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Jlc
post Wed, 31 Jan 2018 - 19:07
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QUOTE (Stan134 @ Wed, 31 Jan 2018 - 18:34) *
isn't there any way that they would make it lower given ability to pay?

Fixed penalties are, well, fixed by their very nature. Ability to pay is not a factor.

At court matters are different - the fine is income related but there's a minimum weekly amount (£120/week) so even if your income was £0 you're still going to pay no less in total. (Costs (£85) and a victim's surcharge (min. £30) are part of the total bill too)

The fixed penalties will be the cheapest way of disposing of the matter but you could be granted time to pay a court sentence - some form of payment plan.

QUOTE (Stan134 @ Wed, 31 Jan 2018 - 18:34) *
There isn't any time to put on seatbelt - you have to drive through immediately as the barrier goes up as soon as it gets the ticket.

The barrier may lift immediately but doesn't drop until the car has passed surely?

This post has been edited by Jlc: Wed, 31 Jan 2018 - 19:06


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RK=Registered Keeper, OP=Original Poster (You!), CoFP=Conditional Offer of Fixed Penalty, NtK=Notice to Keeper, NtD=Notice to Driver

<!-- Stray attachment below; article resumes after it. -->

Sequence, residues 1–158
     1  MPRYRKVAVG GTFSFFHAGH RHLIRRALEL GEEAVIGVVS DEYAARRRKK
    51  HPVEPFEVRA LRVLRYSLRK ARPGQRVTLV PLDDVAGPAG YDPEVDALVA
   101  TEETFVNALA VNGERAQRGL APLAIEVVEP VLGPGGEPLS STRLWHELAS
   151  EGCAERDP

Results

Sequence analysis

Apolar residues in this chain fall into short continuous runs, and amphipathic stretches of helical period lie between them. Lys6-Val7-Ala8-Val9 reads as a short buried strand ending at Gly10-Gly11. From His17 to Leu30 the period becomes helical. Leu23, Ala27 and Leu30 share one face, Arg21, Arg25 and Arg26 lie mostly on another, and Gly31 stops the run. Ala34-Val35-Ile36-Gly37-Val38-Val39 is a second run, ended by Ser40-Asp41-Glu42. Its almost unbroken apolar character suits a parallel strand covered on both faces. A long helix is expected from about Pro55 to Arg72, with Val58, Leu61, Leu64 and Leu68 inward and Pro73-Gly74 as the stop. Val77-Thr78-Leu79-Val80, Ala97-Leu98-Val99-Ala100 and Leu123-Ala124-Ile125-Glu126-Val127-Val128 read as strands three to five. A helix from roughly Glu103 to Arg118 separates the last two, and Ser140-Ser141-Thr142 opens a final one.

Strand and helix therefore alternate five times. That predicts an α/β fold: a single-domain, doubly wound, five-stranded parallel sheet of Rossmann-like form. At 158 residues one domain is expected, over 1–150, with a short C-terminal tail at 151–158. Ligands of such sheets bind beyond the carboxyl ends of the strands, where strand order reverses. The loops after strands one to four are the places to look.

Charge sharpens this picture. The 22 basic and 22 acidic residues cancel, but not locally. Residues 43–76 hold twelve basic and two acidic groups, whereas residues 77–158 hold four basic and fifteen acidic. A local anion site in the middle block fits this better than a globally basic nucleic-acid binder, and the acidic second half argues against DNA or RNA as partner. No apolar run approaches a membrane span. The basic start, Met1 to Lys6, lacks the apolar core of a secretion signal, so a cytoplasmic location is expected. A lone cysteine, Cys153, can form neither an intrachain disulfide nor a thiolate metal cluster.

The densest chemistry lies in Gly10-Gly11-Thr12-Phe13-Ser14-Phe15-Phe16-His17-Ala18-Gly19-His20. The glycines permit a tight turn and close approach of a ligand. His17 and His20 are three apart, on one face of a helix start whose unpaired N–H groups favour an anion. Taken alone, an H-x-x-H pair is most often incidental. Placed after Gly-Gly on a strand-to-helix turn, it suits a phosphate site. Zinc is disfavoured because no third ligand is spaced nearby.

PoFA=Protection of Freedoms Act, SAC=Safety Awareness Course, NIP=Notice of Intended Prosecution, ADR=Alternative Dispute Resolution
PPC=Private Parking Company, LBCCC=Letter Before County Court Claim, PII=Personally Identifiable Information

Private Parking - remember, they just want your money and will say almost anything to get it.
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mickR
post Wed, 31 Jan 2018 - 19:25
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QUOTE (Logician @ Wed, 31 Jan 2018 - 13:34) *
Do you not wear a watch?


A what ?? huh.gif

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andy_foster
post Wed, 31 Jan 2018 - 20:29
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QUOTE (Stan134 @ Wed, 31 Jan 2018 - 12:30) *
I drove into a line of static traffic opposite the barriers just as the traffic light turned red. I did not have time to put my seatbelt on as I had to drive through barriers into the static traffic.
My car was at a standstill
I reached for mobile phone to check time


I would argue that the mobile phone legislation should be interpreted purposively, and that for the purposes of that legislation you were neither using your phone or driving.

If the purpose of the legislation is to prevent drivers causing danger to other road users (and themselves) by failing to adequately control their vehicles whilst being distracted by using a hand-held mobile phone for interactive communication purposes, not only is looking at the clock not using it (for interactive communication purposes), but stationary vehicles generally do not require much to adequately control them.


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cp8759
post Thu, 1 Feb 2018 - 22:04